Ranjona Banerji: Should TV channelwallahs use the ‘should’ so very often?

20 Jan,2015

By Ranjona Banerji


Sports journalists in English-speaking countries favour this sort of a story: “Can Roger Federer win another Grand Slam title?” or “Can Rafael Nadal walk on water?” or “Can Novak Djokovic reunite the former Yugoslavia?” I must qualify that these are the stories that print journalists specialise in, many of them commentators and experts. It must be emphasised that there is no way anyone can actually answer any of these questions, let alone the people who ask them and they know that very well. Also, they can keep asking the same question in perpetuity for their own entertainment and no one’s edification.


Indian TV journalists however are obsessed with the word “should”. So everything is “Should Roger Federer win another Grand Slam title?”, “Should Rafael Nadal walk on water?” and “Should Noval Djokovic reunite the former Yugoslavia?” Or, more realistically: “Should the Indian cricket team have only batsmen and no bowlers?”, “Should MS Dhoni solve Indo-Pak relations?” and “Should Lalit Modi be made chief minister of Rajasthan?”


There is no life without the “Should” for Indian TV journalists though sometimes they do revise the “should” to “shouldn’t”, thus demonstrating a subtle understanding of apostrophes and negatives, and also “Why shouldn’t”, thus being philosophical enough to think in various dimensions.


However, it occurs to none of them that “should” is not about news or about debate, it is about speculation. But ah well. As you can see, “can” is used to idiotic effect by other journalists elsewhere.


And here’s one of the silliest headlines you can find, based on the fine newsroom principle where a sub-editor is banned from reading an entire story and must base his headline on throwaway lines within. In context, Roger Federer had a fairly easy first round match at the Australian Open currently on in Melbourne. But not if you read this headline:





Yes, obviously the tennis season is well underway and my mind has turned to other things. Sony Six has wrested the Australian Open, the first of the Grand Slams, away from Star Sports India. Star Sports India is not that interested in tennis, or so an insider told me, which is their prerogative. In the light of which, unfortunately for us tennis fans, they still have the rights to Wimbledon and a few other big tournaments. The other two majors – the French and US Opens – are with Ten Sports.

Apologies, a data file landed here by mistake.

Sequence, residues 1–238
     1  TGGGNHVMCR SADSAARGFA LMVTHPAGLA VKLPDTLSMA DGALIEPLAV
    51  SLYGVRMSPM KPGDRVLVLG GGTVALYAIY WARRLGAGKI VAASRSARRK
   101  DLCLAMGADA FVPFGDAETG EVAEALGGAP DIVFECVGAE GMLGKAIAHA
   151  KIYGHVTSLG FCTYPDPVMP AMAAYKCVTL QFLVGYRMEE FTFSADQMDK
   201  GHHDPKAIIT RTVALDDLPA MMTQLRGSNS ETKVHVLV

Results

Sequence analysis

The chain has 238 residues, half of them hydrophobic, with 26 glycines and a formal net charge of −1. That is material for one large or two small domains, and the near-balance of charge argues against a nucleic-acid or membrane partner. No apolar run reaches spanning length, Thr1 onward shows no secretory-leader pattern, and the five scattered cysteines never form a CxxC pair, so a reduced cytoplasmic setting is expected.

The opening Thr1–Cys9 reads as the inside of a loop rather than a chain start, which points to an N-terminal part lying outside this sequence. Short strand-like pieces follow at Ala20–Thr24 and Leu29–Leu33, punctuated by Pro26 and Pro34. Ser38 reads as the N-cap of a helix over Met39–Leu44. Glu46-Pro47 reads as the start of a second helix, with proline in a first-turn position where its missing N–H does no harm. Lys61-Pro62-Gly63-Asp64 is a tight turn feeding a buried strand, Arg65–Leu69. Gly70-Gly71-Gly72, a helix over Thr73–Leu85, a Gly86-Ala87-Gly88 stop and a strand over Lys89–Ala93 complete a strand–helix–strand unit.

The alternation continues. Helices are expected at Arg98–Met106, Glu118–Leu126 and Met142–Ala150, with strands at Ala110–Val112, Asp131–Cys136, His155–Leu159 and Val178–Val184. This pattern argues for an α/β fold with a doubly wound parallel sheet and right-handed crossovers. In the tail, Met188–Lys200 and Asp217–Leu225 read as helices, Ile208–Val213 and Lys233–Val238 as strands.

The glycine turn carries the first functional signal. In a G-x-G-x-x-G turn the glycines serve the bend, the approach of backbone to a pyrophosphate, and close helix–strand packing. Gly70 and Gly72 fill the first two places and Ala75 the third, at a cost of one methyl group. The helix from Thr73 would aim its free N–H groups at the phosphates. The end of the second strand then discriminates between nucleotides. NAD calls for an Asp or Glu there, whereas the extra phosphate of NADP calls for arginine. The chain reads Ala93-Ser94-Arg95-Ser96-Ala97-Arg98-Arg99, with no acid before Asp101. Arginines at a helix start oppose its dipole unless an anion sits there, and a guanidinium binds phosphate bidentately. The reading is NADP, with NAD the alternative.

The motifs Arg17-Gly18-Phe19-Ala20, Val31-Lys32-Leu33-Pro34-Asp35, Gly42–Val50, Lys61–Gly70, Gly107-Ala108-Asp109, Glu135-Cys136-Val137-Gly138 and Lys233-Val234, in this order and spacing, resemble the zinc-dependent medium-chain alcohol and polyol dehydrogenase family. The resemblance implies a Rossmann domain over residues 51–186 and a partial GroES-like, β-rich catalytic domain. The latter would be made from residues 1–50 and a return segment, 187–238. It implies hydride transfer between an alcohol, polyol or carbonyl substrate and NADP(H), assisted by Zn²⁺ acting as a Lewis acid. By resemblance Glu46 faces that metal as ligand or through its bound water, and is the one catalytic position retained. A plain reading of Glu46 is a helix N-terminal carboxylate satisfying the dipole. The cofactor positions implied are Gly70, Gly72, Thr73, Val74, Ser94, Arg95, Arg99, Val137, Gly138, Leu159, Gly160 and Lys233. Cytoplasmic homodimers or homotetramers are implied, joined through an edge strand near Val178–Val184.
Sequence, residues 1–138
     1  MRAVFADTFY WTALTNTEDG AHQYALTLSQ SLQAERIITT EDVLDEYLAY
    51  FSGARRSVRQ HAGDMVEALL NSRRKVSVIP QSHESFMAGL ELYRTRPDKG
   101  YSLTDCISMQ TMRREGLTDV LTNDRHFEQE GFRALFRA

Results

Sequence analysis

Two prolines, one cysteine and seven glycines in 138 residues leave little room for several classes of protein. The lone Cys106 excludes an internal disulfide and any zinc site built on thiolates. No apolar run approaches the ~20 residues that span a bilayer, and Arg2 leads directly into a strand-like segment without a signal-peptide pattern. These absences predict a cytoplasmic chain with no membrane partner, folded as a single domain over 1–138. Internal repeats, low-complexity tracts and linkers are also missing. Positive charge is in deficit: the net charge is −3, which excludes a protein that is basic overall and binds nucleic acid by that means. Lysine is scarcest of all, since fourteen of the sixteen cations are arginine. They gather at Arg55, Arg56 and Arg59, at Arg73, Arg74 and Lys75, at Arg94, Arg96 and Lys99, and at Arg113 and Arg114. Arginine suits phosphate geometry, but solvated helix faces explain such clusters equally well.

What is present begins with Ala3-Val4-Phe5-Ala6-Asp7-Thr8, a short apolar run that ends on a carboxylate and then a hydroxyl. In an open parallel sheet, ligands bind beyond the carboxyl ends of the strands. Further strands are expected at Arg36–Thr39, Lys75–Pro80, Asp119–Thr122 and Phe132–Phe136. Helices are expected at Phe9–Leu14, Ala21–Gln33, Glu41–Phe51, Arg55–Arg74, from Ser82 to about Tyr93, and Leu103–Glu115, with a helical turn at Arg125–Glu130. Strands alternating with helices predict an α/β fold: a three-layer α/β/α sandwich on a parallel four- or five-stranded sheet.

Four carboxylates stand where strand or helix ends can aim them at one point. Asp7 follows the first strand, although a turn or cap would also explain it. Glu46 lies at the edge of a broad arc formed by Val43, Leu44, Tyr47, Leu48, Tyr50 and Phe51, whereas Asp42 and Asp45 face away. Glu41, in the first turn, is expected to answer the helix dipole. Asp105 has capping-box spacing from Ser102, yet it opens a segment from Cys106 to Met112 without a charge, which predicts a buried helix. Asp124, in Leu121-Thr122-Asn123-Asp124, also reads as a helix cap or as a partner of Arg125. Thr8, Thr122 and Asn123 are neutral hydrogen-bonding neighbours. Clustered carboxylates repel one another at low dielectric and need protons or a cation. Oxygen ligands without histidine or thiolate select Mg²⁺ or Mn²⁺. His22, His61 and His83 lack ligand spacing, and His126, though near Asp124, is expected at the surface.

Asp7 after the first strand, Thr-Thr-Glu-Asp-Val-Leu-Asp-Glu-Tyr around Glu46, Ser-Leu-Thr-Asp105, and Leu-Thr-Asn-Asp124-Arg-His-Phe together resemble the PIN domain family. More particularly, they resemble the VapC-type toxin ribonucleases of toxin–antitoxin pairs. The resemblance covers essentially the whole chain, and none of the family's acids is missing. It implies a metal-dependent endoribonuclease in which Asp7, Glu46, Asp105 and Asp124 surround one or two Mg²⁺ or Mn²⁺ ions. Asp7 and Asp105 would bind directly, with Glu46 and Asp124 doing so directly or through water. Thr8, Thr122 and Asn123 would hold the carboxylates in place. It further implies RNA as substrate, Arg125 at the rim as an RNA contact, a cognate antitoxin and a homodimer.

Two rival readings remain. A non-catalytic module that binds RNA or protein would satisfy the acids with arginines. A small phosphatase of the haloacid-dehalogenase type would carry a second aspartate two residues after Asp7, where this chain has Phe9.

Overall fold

Sony Six’s first day at Melbourne was all right – no gimmickry, no one sitting in the studio pretending they were on the grounds and no concentrating on unknown Indians while ignoring the biggies. However, they did stop the broadcast while play was still on which is always annoying…




Indian TV news now cannot look beyond the Delhi state elections. Or whatever Delhi actually is, since it is not really a state. Everyday on TV is an endless series of breathless speculation about who is going to do what to whom. Since everyone is quitting their earlier parties and joining the BJP, there is some drama on air but not that much.


In other news, Barack Obama is coming to India for the Republic Day parade and while you and I might remember him in India before, for the BJP and its fans in the media, this the first time. Plus the cricket World Cup starts in February so we will have more of the “Should MS Dhoni travel to Mars” and “Should Virat Kohli smile so much at Anushka Sharma” sort of stories.


Also I have it on very good authority that Sherlock Holmes, Miss Marple, Hercule Poirot, Ellery Queen, Philip Marlowe and several other detectives are soon going to return from retirement and death to assist Arnab Goswami and his band of TV crime solvers from other news channels to discover who really killed Sunanda Tharoor.


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